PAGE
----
Motors and a special drive mechanism allow these two gigantic glass “doors” to be opened or closed in 12 minutes – and particularly quietly as well. The façade elements run on rails following the 232m radius of the building with a noise level of less than 40dB. There are two drives per element, and the electric motors and transmission mechanisms are installed in the basement. Besides meeting the specification for moving these façade elements, seele also had to comply with California’s stringent earthquake requirements. Being able to secure the elements in any position at any time called for ingenious drive and locking systems.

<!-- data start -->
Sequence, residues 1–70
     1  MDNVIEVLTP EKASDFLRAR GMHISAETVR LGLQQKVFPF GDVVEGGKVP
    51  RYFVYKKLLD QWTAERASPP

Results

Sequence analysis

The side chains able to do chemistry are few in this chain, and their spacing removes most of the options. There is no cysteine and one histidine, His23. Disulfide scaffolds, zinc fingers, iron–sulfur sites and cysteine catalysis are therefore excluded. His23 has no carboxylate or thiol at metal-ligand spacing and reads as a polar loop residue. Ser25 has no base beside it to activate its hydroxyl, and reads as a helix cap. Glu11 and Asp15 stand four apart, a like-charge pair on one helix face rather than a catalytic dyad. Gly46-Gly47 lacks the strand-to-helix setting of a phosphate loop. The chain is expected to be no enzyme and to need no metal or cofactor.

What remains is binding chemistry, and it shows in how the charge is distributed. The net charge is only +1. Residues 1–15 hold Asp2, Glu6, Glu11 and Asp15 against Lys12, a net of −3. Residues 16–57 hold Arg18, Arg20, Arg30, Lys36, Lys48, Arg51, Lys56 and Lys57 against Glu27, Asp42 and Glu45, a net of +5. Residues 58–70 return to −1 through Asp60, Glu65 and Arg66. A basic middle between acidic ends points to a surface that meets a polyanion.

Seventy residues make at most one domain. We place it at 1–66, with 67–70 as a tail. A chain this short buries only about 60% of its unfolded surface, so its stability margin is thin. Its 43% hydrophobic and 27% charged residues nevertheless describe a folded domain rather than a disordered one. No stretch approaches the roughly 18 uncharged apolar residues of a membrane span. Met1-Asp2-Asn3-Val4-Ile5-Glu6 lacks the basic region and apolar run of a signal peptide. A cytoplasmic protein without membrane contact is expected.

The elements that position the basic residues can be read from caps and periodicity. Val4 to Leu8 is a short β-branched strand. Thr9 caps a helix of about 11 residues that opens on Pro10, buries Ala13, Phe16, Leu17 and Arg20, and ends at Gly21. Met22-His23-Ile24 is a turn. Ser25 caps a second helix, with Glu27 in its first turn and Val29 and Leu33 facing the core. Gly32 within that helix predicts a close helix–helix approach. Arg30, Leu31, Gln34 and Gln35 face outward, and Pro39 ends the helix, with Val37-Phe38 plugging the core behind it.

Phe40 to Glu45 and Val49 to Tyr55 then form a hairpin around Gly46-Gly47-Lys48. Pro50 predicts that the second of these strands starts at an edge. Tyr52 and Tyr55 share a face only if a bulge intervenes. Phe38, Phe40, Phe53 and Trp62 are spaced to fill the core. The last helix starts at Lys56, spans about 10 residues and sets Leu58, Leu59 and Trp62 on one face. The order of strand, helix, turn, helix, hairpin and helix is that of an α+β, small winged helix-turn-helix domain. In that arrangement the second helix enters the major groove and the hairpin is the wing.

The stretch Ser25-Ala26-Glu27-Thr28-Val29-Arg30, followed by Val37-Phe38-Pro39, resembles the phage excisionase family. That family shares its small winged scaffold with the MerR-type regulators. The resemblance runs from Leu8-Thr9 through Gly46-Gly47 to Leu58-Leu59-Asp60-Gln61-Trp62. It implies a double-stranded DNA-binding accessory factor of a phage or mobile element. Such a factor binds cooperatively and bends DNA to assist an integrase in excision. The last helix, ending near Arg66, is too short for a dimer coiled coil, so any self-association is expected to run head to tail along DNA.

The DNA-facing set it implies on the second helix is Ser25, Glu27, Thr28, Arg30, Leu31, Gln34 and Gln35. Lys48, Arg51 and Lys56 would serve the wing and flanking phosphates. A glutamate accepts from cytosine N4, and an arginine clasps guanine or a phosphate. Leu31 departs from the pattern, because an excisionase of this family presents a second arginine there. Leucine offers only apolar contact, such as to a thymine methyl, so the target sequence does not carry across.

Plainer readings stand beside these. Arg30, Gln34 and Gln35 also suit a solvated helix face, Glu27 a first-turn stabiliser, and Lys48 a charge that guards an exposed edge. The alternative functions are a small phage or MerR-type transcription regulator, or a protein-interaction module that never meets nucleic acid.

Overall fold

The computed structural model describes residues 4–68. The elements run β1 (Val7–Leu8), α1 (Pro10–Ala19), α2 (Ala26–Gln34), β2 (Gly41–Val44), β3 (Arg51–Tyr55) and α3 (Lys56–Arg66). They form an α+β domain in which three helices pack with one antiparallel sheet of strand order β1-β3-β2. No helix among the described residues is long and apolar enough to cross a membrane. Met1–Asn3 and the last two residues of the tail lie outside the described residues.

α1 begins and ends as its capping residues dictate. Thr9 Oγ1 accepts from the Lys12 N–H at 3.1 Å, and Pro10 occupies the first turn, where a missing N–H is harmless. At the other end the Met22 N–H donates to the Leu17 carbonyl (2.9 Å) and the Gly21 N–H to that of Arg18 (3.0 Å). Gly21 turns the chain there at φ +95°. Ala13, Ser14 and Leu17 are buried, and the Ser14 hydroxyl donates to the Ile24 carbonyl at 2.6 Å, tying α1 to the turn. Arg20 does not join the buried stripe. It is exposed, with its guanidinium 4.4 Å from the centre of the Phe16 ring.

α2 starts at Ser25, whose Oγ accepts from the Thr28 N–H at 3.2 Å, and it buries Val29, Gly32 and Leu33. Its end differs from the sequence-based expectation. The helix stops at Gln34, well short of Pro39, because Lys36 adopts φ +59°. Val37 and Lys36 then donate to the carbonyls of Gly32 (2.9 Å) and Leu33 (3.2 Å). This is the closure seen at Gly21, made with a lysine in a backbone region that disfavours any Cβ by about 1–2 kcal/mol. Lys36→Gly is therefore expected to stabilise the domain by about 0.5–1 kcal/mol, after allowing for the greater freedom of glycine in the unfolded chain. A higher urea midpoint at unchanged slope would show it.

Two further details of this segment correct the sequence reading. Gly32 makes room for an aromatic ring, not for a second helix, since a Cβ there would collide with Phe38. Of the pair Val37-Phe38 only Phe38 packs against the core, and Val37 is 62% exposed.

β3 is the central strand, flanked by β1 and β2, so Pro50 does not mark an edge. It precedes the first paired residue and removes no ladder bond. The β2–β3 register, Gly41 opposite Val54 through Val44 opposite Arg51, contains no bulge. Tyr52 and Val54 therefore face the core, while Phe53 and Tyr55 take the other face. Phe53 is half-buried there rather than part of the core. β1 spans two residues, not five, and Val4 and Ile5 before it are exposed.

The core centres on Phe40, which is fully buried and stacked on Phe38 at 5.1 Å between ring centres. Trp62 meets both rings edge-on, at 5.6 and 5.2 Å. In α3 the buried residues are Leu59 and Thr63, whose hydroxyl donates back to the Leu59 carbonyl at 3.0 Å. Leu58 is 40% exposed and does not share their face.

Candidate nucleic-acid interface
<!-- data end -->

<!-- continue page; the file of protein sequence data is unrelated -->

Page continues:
The design team at seele developed the façade elements as giant sliding door leaves. Each element consists of two steel posts and 11 stainless steel ties joining the steel beams top and bottom. A pretension of 30t was applied to each tie. The steel members form a framework for the panes of glass measuring 2.7 x 14.1m, which are only fixed with structural silicone along their sides. Fixing the panes (laminated safety glass made from two plies of 12 mm heat-strengthened glass) with adhesive only had never been used on this scale before. That called for numerous tests beforehand. The unique features of this project and the high demands placed on design and construction show that seele has once again accomplished pioneering R&D and engineering work on an exceptional level.